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Clinical patterns and epidemiological characteristics of facial melasma in Brazilian women

Authors

  • A.de.A. Tamega,

    1. Department of Dermatology, Sao Paulo State University, Botucatu Medical School, Unesp, Campus Universitário de Rubião, Botucatu, SP, Brazil
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  • L.D.B. Miot,

    1. Department of Dermatology, Sao Paulo State University, Botucatu Medical School, Unesp, Campus Universitário de Rubião, Botucatu, SP, Brazil
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  • C. Bonfietti,

    1. Department of Dermatology, Sao Paulo State University, Botucatu Medical School, Unesp, Campus Universitário de Rubião, Botucatu, SP, Brazil
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  • T.C. Gige,

    1. Department of Dermatology, Sao Paulo State University, Botucatu Medical School, Unesp, Campus Universitário de Rubião, Botucatu, SP, Brazil
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  • M.E.A. Marques,

    1. Department of Pathology, Sao Paulo State University, Botucatu Medical School, Unesp, Campus Universitário de Rubião, Botucatu, SP, Brazil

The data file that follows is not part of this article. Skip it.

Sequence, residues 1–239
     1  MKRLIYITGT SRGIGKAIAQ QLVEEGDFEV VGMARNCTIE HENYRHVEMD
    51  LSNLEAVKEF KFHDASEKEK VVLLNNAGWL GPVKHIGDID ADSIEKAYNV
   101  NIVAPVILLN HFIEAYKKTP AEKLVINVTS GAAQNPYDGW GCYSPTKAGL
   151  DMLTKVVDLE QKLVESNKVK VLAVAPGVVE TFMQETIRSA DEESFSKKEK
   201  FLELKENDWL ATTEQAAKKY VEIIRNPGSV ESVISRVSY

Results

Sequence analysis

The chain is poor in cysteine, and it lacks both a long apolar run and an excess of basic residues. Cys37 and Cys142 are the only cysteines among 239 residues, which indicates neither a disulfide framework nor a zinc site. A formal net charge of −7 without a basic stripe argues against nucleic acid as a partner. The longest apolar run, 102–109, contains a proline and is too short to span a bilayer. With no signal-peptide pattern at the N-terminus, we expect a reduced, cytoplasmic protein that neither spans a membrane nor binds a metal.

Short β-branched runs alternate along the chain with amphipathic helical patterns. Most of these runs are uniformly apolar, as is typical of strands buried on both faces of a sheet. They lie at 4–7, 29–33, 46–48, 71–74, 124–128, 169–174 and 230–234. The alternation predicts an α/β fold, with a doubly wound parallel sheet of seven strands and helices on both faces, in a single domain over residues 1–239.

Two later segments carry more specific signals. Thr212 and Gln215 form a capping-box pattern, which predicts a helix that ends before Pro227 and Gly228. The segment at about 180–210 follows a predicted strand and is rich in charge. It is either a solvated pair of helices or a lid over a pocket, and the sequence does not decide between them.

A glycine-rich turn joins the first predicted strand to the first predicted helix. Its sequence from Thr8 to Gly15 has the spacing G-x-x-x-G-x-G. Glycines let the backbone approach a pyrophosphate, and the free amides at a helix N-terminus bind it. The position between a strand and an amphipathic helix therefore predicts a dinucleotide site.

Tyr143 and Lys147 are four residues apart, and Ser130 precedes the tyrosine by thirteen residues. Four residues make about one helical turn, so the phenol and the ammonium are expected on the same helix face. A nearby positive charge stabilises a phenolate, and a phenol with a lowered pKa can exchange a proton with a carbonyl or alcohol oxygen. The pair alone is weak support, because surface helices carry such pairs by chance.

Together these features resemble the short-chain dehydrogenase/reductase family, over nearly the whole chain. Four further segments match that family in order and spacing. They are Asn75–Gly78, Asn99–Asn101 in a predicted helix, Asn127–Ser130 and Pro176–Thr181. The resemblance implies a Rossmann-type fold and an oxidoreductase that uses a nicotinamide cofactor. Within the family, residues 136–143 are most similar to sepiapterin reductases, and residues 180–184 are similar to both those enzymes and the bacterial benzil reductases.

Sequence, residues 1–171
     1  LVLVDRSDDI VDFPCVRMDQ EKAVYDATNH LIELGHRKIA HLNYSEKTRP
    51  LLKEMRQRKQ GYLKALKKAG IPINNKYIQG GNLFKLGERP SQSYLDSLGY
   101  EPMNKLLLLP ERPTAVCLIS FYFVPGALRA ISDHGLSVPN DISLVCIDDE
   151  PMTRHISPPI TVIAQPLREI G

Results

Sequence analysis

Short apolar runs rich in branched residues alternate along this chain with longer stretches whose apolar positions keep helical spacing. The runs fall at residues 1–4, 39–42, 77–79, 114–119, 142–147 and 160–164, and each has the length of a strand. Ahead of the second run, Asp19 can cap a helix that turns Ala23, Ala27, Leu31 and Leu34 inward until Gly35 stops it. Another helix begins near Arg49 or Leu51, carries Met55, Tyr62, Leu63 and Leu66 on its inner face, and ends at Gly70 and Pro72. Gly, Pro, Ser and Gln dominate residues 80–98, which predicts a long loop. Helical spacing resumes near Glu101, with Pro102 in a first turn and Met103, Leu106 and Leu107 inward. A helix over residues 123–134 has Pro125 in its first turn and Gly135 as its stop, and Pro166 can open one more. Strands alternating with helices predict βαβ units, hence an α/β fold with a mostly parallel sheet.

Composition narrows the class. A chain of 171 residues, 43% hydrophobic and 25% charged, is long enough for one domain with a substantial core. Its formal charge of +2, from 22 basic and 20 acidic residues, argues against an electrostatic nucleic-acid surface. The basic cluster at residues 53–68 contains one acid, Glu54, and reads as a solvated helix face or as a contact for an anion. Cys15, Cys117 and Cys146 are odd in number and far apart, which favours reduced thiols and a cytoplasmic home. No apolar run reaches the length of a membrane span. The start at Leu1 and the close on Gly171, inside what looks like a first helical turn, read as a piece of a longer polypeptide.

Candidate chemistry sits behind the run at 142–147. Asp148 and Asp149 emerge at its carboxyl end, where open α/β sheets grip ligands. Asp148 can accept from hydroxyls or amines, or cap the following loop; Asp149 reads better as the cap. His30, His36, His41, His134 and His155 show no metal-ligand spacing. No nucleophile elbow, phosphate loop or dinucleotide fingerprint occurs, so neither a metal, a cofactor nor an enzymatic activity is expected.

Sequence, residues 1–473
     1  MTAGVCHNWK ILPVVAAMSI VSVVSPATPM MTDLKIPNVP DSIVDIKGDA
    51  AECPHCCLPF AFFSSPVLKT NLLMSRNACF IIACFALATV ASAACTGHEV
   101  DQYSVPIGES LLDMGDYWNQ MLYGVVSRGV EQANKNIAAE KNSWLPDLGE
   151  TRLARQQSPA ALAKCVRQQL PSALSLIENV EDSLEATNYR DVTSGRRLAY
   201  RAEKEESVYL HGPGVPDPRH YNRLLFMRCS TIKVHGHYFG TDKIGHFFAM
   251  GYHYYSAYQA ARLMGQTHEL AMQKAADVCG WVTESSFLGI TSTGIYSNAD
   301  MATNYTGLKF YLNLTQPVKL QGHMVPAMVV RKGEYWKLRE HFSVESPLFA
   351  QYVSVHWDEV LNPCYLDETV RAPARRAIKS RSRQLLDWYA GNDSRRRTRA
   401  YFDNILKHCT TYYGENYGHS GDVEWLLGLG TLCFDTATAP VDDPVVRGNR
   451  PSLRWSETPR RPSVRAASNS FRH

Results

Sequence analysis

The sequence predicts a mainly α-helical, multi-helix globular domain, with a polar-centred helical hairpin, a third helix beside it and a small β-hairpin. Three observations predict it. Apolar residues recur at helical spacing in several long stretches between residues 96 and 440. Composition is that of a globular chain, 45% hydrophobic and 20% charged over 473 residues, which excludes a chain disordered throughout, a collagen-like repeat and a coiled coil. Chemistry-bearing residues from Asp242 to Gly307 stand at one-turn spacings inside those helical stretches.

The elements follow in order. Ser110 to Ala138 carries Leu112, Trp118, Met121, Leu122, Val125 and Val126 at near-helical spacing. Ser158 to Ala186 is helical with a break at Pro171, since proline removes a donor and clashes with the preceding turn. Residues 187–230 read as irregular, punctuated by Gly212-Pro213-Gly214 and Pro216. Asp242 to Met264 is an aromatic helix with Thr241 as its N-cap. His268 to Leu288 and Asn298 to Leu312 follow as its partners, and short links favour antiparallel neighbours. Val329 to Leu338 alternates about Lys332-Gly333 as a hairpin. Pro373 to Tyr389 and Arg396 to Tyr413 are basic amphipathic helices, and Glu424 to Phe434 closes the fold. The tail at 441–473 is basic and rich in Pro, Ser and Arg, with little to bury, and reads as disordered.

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  • H.A. Miot

    Corresponding author
    1. Department of Dermatology, Sao Paulo State University, Botucatu Medical School, Unesp, Campus Universitário de Rubião, Botucatu, SP, Brazil
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  • Conflict of interest
    None declared.

H.A. Miot. E-mail: heliomiot@fmb.unesp.br

Abstract

Background  Melasma is a common acquired chronic hypermelanosis of sun-exposed areas which significantly impacts quality of life. There are few epidemiological studies in medical literature concerning these patients.

Objective  Characterize clinical and epidemiological data on Brazilian female patients with melasma.

Methods  A semi-structured questionnaire was administered to melasma patients treated at a dermatology clinic between 2005 and 2010. Association between variables was performed by multivariate regression models.

Results  We assessed 302 patients; intermediate skin phototypes III (34.4%) and IV (38.4%) were prevalent. Mean disease onset age was 27.5 ± 7.8 years and familiar occurrence of melasma was identified in 56.3%. The most commonly reported trigger factors were pregnancy (36.4%), contraceptive pills (16.2%) and intense sun exposure (27.2%). Preferred facial topographies were zygomatic (83.8%), labial superior (51.3%) and frontal (49.7%). Pregnancy induced melasma has been associated to early disease (OR = 0.86) and number of pregnancies (OR = 1.39). Childbearing was correlated to melasma extension. Older disease onset age was associated to darker skin phototypes. Co-occurrence of facial topographies supported clinical classification as centrofacial and peripheral melasma.

Conclusion  This population was characterized by: a high prevalence in adult females, intermediate skin phototypes, disease precipitation by hormonal stimulus and familiar genetic influence.

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